Friday, July 19, 2013

More On Bebe Quincy- Devil Is In The Details

After the news from yesterday, I thought we could all benefit from this update today from Daddy Nick. He goes into the details of *exactly* what is going on inside Bebe Quincy, and what it all means. It is incredible information. Modern science is astounding.

I'll turn you over now to hear today's update:

Quincy update for July 19th, second day on transplant list:

Q has stabilized. She's off dopamine and her blood pressure is stable again. She will go up to 1 on Milrinone (highest dose) by the end of the day.

We've been told it is "highly unlikely" that we'll go to step down today...and that's pretty much just fine with us. An extra day lets everything settle a bit more.

A few people have asked why the urgency to list her now instead of trying the medication path longer, so I will try to explain.

Quincy has two issues:

1) Dilated Cardiomyopathy

2) Left-Ventricle Non-Compaction

I've gone over LVNC a couple of times already, but basically it means that her left ventricle (which pumps blood out to the body) doesn't squeeze enough. In a normal individual this chamber compresses about 55-60% to create the pumping action. In a healthy individual this created an ejection fraction (percentage of total heart volume that is pushed to the body) of around 55-70% total. Ejection Fraction is a product of several factors, but left-ventricle compression (notice that's not compaction) is the deciding one.

Non-compaction actually indicates that the muscle fibers in the heart wall are not compacted together and therefore can't create a good squeeze action (compression).

If LVNC was her only issue, medicine would be a path worth considering.

But she also has significant dilated cardiomyopathy. Basically this means her heart is larger than it should be. In Q's case her heart is 2.5 times larger than it should be (.5 larger and we start calling her Grinchy). It takes up a large amount of the chest cavity and has other impacts on the body.

Now, some kids with dilated cardiomyopathy grow until they catch up to their heart. And some kids who have LVNC see their heart muscles compact when the heart starts growing...

...but the combination is fatal.

She will not begin to see her heart muscles compact until her heart has to grow, i.e. once her body gets 2.5 times larger.

But her ejection fraction today is 12 with a heart that is physically 2.5 times larger than her body needs. So her ejection volume is actually the equivalent of a heart with an ejection fraction of 30 (12x2.5=30).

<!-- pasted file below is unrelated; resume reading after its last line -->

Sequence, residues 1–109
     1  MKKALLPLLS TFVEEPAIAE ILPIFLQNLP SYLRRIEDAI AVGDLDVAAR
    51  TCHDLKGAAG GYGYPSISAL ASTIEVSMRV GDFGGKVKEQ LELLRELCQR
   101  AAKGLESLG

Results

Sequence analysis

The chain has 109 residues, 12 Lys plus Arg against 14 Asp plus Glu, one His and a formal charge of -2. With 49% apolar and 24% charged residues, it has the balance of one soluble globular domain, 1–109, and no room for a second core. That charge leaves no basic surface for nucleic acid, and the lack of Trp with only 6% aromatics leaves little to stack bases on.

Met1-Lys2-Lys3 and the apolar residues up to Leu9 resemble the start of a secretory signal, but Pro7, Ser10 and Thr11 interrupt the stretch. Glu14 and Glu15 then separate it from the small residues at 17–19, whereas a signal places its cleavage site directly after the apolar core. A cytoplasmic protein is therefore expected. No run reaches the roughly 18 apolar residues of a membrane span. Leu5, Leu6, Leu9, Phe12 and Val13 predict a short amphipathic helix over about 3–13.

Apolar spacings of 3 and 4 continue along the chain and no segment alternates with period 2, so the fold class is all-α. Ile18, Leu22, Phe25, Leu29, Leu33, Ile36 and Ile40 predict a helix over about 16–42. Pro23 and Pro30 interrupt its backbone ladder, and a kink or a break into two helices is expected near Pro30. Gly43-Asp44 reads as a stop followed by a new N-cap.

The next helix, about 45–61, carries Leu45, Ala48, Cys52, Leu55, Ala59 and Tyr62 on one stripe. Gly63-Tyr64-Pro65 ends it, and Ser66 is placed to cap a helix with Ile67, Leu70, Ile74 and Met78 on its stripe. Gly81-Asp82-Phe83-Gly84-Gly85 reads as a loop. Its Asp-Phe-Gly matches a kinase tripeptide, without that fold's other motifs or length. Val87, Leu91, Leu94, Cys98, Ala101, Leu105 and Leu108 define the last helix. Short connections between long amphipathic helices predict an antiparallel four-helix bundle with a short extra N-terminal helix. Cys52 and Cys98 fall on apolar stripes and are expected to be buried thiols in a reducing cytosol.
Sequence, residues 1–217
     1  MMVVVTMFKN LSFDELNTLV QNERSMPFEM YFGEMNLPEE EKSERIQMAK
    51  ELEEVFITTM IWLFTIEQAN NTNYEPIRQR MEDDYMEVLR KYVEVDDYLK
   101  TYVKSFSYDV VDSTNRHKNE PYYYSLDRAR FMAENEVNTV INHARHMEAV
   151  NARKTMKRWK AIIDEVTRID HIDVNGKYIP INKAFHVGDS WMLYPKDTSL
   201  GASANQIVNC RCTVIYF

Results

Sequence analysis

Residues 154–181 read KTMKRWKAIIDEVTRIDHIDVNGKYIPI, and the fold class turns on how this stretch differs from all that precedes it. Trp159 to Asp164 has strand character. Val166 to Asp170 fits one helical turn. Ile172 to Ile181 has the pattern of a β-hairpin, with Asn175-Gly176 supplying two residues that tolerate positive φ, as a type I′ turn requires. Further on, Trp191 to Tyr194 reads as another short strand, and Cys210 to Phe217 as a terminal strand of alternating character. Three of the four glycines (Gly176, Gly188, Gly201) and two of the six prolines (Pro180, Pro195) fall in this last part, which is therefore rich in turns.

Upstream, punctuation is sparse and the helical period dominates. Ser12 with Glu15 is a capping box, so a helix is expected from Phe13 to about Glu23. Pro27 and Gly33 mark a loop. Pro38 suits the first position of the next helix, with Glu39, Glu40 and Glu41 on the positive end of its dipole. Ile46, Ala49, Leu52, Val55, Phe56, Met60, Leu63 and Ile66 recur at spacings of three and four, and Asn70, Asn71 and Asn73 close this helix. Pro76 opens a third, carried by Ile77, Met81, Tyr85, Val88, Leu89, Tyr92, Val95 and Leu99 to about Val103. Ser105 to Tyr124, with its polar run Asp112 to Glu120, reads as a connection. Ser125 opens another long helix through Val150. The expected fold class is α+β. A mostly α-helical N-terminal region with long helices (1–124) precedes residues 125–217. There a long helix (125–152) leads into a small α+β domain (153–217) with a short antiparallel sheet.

As her body grows to catch up to the size of her heart, her ejection volume will go down. Eventually, before she can grow large enough for the muscles to begin to compact, the ejection volume will be too low to support her body's demands.

And she will again begin to fall into a cycle of congestive heart failure (when the heart can't push out enough blood to move blood into the lungs or supply the muscles and brain).

The danger now is that as her body grows and the demand on the heart increases and the ejection volume falls...medicines will eventually not make up the difference. At that point we will discuss putting her on an EVAD or LVAD device.

Dumb aside: unlike TV *cough*Grey's Anatomy*cough* cutting the LVAD wires will NOT get her a heart faster. Ever.

Anyway, right now we're in the countdown to get a heart. But there's another countdown - a terrible countdown - to the time when her heart can't keep up with her growing body. Which will make her sick. Which makes the transplant more dangerous and her recovery harder and more uncertain.

So we list her for a heart transplant in the hopes that she gets one before time becomes our worst enemy. Right now she often looks healthy; but that is a mirage more deadly than shimmers in the desert. The healthier she is, the better she will do. Time marches on. Every tick of the clock brings her closer to a heart, and closer to the cliff.

So we pray for a heart. We pray it comes soon. We just pray."
Have a good weekend folks, and please, keep Quincy, Nick, Amy, the rest of their family, and all the doctors and staff helping to take care of this precious little bundle in your prayers please. 

1 comment:

Momma Fargo said...

Lots of prayers. I cannot fathom going through this as a parent. (((hugs)))